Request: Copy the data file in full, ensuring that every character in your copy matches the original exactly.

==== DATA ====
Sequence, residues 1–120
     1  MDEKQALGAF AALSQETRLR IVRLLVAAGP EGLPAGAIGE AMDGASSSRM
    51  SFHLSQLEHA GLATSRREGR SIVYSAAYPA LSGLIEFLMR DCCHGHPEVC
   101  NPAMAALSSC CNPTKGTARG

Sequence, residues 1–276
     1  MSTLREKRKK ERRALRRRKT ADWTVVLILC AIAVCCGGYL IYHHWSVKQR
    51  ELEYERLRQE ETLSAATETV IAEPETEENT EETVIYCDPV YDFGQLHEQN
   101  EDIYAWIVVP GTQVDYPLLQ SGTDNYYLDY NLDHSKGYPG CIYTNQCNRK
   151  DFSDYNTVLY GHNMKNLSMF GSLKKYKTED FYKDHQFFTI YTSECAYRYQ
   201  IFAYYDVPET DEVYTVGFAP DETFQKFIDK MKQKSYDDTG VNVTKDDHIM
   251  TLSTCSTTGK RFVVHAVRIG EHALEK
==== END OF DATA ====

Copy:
Sequence, residues 1–120
     1  MDEKQALGAF AALSQETRLR IVRLLVAAGP EGLPAGAIGE AMDGASSSRM
    51  SFHLSQLEHA GLATSRREGR SIVYSAAYPA LSGLIEFLMR DCCHGHPEVC
   101  NPAMAALSSC CNPTKGTARG

Sequence, residues 1–276
     1  MSTLREKRKK ERRALRRRKT ADWTVVLILC AIAVCCGGYL IYHHWSVKQR
    51  ELEYERLRQE ETLSAATETV IAEPETEENT EETVIYCDPV YDFGQLHEQN
   101  EDIYAWIVVP GTQVDYPLLQ SGTDNYYLDY NLDHSKGYPG CIYTNQCNRK
   151  DFSDYNTVLY GHNMKNLSMF GSLKKYKTED FYKDHQFFTI YTSECAYRYQ
   201  IFAYYDVPET DEVYTVGFAP DETFQKFIDK MKQKSYDDTG VNVTKDDHIM
   251  TLSTCSTTGK RFVVHAVRIG EHALEK